Ron DeSantis Accused of Failing To Fully Condemn Nazi Rallies in Florida

Governor Ron DeSantis has been criticized for failing to fully denounce the Nazis who demonstrated in Florida recently and has instead complained that asking him to do so is a "smear" attempt.

The Florida governor was asked to respond to the protest on Sunday in which white supremacists unfurled swastika flags across a bridge over Interstate 4 between downtown Orlando and the Walt Disney World Resort, as well as banners with the conservative catchphrase "lets go Brandon," albeit spelled incorrectly.

The incident on the highway occurred a day after extremists from the white supremacist National Socialist Movement were seen yelling antisemitic slurs at passing vehicles and giving Nazi salutes in Orange County.

On Monday, DeSantis condemned the neo-Nazis as "jackasses" who will be dealt with by law enforcement, while saying he will not be drawn into further political fighting over the incidents.

"What I'm going to say is these people, these Democrats who are trying to use this as some type of political issue to try to smear me as if I had something to do with it, we're not playing their game," DeSantis said.

"I'm not going to have people try to smear me who belong to a political party that has elevated antisemites to the halls of Congress," DeSantis said in reference to criticism aimed at Illinois congresswoman Illhan Omar.

Christina Pushaw, official spokeswoman for DeSantis, in a statement today about the criticism DeSantis has received over his response to the Nazi rallies, told Newsweek: "The Democrats criticizing him dishonestly while ignoring the substantive points he made are proving his point: Performative outrage is all they have, because the facts are on the Governor's side."

DeSantis' response was met with criticism from Jewish groups and public figures who feel the governor was not strong enough in his condemnation of the far-right extremists rallying in the state.

In a statement to Newsweek, Jonathan Greenblatt, CEO of the Anti Defamation League, said it is "vitally important" that all leaders "forcefully and unequivocally condemn the type of vile antisemitism" on display in Florida.

"While we appreciate Governor Ron DeSantis referring the matter to law enforcement and vowing to hold the perpetrators responsible, dismissing violent neo-Nazis as just some 'jackasses' or attempting to use this as an opportunity to bash political opponents only serves to diminish the impact this hateful behavior has on the entire community," Greenblatt said.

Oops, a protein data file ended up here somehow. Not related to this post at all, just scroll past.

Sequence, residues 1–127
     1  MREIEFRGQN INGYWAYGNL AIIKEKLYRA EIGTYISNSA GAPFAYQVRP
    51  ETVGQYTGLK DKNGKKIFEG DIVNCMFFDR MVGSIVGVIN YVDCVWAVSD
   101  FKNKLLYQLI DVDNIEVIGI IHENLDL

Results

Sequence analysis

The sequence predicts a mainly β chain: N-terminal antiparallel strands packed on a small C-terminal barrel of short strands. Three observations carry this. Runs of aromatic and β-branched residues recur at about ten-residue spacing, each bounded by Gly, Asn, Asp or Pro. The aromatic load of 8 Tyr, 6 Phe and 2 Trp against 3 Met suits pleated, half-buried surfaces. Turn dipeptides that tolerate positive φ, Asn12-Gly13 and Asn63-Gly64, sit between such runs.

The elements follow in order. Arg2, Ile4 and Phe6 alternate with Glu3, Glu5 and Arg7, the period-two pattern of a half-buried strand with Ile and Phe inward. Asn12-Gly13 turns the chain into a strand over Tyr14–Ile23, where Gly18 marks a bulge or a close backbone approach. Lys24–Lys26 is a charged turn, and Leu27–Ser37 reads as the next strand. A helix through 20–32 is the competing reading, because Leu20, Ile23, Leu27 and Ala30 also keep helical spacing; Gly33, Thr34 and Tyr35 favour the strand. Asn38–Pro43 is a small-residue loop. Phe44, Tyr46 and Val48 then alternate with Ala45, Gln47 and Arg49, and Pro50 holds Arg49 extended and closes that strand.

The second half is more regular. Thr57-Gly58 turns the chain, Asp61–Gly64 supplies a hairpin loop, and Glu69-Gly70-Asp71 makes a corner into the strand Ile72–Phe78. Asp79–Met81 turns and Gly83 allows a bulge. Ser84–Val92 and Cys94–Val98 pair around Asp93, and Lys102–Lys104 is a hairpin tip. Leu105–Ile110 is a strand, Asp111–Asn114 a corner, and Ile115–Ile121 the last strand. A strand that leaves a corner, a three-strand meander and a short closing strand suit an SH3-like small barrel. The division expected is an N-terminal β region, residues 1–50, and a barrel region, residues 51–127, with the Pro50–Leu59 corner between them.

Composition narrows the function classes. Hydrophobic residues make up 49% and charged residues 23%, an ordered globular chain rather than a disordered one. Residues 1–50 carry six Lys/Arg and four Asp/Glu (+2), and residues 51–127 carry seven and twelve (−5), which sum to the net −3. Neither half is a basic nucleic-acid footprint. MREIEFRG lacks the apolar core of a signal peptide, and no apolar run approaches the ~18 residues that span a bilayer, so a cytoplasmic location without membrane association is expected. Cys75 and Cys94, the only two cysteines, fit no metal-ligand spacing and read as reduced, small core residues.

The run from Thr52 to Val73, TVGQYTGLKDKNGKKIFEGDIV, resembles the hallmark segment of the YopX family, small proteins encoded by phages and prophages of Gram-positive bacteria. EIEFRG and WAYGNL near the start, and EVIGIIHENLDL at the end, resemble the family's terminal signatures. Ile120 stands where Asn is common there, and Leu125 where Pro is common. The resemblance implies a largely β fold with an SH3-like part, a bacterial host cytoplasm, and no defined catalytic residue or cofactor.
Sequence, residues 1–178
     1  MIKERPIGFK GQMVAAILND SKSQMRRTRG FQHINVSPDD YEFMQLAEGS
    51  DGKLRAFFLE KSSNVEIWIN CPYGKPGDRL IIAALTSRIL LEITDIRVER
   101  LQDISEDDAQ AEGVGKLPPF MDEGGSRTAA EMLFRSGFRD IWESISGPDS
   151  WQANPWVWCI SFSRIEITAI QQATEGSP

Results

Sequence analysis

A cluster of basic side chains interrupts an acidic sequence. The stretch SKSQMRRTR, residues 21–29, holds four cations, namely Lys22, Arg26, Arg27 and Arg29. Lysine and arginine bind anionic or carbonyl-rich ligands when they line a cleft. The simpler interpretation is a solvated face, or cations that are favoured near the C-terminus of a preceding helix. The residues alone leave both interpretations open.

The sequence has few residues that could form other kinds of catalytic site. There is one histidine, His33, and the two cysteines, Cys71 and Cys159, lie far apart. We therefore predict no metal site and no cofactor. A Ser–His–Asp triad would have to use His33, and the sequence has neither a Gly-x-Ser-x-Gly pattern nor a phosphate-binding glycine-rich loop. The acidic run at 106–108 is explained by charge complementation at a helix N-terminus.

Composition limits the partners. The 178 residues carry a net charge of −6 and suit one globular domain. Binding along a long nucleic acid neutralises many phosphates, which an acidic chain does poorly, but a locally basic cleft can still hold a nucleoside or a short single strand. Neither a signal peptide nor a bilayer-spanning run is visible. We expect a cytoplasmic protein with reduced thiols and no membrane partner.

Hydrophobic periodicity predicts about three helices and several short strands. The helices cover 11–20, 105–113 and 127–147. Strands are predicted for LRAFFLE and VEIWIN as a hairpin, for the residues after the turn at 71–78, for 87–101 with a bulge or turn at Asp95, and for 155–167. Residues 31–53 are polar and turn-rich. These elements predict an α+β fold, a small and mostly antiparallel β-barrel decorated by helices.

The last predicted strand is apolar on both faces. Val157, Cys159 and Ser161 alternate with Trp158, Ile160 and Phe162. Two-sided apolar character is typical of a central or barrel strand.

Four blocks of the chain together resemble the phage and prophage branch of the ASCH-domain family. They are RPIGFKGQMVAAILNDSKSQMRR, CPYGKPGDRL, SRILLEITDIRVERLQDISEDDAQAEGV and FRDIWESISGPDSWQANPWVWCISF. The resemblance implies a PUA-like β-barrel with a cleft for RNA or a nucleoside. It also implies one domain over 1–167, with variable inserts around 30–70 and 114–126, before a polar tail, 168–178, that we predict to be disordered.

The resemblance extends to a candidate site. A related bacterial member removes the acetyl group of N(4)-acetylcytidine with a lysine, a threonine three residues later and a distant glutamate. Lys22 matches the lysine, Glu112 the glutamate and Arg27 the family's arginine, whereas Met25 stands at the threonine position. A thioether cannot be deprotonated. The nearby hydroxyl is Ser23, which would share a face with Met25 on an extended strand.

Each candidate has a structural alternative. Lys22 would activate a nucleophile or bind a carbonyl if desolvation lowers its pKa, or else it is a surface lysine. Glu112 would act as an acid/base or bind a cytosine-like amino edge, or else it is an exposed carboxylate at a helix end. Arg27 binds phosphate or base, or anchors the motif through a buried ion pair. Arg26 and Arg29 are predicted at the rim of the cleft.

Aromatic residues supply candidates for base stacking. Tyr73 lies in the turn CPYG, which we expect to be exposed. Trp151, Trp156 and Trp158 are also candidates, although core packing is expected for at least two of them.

"We must send an unambiguous message to neo-Nazis, antisemites and all bigots: hate and extremism have no place in the state of Florida."

Halie Soifer, CEO of the Jewish Democratic Council of America, tweeted: "Blatant hypocrisy and gaslighting here from Ron DeSantis, who refuses to acknowledge the extremism tolerated, amplified, and even embraced by his party at the highest level.

"The neo-Nazis chanting in the Florida streets aren't there because of Democrats, and DeSantis knows it."

Andrew Weinstein, chair of the Democratic Lawyers Council, said: "Condemning should be the easiest thing to do for any American politician."

David Weissman, a U.S. Army veteran and former supporter of Donald Trump, commented: "As a Jew and as a resident of the great state of Florida, I really would love to know why Governor Ron DeSantis refuses to condemn Nazis?"

The Miami Herald ran an editorial that said DeSantis failed to condemned the Nazi demonstrators.

"On Monday, when DeSantis had his chance to condemn these demonstrators, when he could have simply said Nazis are bad people, when he could have made sure he didn't give cover to those who hate, well, he didn't," the article states. "And all the manufactured anger at Democrats can't cover up that telling silence."

While sharing a clip of DeSantis' comments about the protest, Fred Guttenberg, the gun control campaigner whose 14-year-old daughter, Jaime, was killed in the Parkland school shooting, tweeted: "Ron DeSantis when you say 'they' you're talking to me.

"I am a Jewish citizen of Fl who is deeply offended by Christina Pushaw & her response & history of comments. Your press sec is the reason you are getting blow back. You just made it worse."

Others also mentioned DeSantis' press secretary in their criticism of the Florida Governor.

Pushaw had deleted a tweet in which she asked "how do we even know they're Nazis?" while swatting away any suggestion the far-right demonstration in Orlando could be linked to the governor.

Pushaw questioned if the rally could be "stunt" similar to that performed by members of The Lincoln Project during a gubernatorial campaign event for Glenn Youngkin in Charlottesville, Virginia, in October 2021.

Several members of the anti-Trump group dressed up as the white supremacists seen holding tiki torches prior to the deadly "Unite the Right" rally in August 2017, as part of a campaign stunt against the Republican candidate.

The Lincoln Project said posing as the extremists was a way of "reminding Virginians what happened in Charlottesville four years ago, the Republican party's embrace of those values, and Glenn Youngkin's failure to condemn it."

In a statement to Newsweek, Pushaw said she deleted the tweet after realizing the extremists were part of National Socialist Movement before also saying attempts to tie DeSantis to the protests are "disgusting political smears."

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Ron DeSantis speaks to the media about the cruise industry during a press conference at PortMiami on April 08, 2021 in Miami, Florida. The Florida governor been criticized for failing to fully denounce the Nazis who demonstrated in the state. Joe Raedle/Getty Images